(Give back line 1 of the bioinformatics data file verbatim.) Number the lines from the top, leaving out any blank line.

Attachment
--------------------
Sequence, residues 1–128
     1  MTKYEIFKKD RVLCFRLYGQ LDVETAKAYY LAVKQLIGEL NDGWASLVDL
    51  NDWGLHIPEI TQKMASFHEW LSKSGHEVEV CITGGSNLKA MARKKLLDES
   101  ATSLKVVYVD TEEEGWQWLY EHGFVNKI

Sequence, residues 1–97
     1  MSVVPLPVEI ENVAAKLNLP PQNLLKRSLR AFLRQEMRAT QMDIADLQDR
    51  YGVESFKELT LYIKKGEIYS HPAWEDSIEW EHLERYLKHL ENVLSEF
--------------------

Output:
Sequence, residues 1–128